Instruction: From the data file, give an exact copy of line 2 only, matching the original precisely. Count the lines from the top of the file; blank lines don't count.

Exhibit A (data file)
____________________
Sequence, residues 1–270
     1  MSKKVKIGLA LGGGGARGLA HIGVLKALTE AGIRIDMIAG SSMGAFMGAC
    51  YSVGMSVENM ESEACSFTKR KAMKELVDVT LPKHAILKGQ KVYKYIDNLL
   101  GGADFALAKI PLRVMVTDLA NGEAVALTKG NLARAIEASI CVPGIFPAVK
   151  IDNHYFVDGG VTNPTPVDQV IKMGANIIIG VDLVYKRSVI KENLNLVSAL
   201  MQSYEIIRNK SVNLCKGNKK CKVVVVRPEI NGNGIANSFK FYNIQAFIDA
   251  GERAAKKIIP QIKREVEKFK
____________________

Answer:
     1  MSKKVKIGLA LGGGGARGLA HIGVLKALTE AGIRIDMIAG SSMGAFMGAC